NukeJohn Technical Analysis (NJTA)

MotleyFool contributor NukeJohn developed a simple technical analysis methodology he has been using successfully. It concentrates on a few simple measures of the supply/demand balance for a company's stock, mostly change of momentum indicators. It does not rely on any chart pattern recognition such as cups and handles, shoulders, etc.

The requirements for a company's stock to pass NJTA are that all of the following occur on one day:

  1. The stocks' price must have recently (within the last week, possibly two) have broken out from below its 5-day EMA (Exponential Moving Average) and risen above it by at least 3%. Previous to this breakout it must have been below the 50-day EMA for at least one month. The more quickly the buy decision can be made after the stock's breakout, the better.
  2. The stock's MACD must be positive and rising
  3. The stock's RSI must be higher than 30 days ago and on a rising trend; however, it should not be over 80 which indicates buyer saturation
  4. The stock's trading volume must be at least 40% above its recent average volume

These indicators are easy to obtain at Yahoo's Technical Analysis page for any given stock. Other resources are broadly available.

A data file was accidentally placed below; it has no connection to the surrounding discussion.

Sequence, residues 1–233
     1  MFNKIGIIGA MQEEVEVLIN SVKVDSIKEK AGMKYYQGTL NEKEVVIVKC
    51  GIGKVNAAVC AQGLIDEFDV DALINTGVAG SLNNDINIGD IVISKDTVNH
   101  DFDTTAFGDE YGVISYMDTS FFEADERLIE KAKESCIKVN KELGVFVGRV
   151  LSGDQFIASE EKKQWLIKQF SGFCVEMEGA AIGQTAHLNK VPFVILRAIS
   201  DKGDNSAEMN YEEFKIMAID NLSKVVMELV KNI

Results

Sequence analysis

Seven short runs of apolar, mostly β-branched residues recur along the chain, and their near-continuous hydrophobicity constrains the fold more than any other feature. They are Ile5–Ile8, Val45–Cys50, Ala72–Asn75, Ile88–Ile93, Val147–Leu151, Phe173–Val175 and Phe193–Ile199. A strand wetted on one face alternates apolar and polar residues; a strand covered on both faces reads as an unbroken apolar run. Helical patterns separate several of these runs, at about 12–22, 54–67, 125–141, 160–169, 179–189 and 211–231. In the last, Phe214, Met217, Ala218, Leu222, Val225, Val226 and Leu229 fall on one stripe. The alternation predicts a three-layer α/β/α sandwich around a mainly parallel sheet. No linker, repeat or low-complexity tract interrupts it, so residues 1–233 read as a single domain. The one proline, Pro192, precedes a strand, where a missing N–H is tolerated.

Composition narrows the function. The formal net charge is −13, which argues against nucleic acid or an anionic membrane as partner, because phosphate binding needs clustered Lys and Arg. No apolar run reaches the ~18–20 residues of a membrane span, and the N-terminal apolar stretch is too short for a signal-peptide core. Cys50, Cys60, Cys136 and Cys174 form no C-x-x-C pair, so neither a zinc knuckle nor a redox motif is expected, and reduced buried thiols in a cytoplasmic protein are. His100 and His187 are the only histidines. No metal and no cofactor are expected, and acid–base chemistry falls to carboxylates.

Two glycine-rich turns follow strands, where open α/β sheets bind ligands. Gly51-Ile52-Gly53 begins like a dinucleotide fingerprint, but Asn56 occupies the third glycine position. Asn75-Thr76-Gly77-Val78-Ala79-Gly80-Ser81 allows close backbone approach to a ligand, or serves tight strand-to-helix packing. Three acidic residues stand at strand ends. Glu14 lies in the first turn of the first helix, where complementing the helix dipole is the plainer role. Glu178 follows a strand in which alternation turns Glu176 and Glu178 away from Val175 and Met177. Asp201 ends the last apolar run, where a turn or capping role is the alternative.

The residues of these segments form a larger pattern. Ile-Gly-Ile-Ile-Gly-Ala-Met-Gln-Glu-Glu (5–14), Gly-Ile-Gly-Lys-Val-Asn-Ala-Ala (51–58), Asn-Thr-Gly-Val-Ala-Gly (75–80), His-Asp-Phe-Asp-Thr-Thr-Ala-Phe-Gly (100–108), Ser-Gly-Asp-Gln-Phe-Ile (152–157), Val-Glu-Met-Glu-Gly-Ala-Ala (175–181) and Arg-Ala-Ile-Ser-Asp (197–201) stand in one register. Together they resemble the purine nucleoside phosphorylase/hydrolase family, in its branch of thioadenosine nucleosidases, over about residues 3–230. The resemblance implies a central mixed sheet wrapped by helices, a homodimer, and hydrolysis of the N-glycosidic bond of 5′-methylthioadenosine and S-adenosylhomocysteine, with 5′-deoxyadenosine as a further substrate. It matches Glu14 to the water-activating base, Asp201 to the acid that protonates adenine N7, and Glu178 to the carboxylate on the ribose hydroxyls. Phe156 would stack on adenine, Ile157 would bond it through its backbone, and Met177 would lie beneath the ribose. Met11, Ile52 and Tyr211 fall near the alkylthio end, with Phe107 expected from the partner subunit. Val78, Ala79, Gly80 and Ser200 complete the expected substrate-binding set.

Combining NJTA with the HG-Type Screen

Generally stocks will pass the HG-Type Screen for some number of weeks and then fall off again. During the time a stock is on the passing list, the NJTA requirements may only be met for a few days, maybe only one day or in extreme cases only for part of a day. The purchase decision should be made only when all requirements are met: passing the HG-Type Screen and passing all NJTA criteria. Essentially the HG-Type Screen produces a watch list and the final decision on buying is made when a watch list stock also passes the NJTA criteria.

When a stock stops passing the HG-Type Screen, I will keep it on the watch list for another month. If during that time the NJTA parameters are satisfied, I will still buy the stock.

Sell Strategy Based on NJTA

No strategy yet exists. If there were one, it would most likely be some combination of price exceeding the screen's max price and/or most of the NJTA criteria failing in reverse and/or a major breakdown in company fundamentals.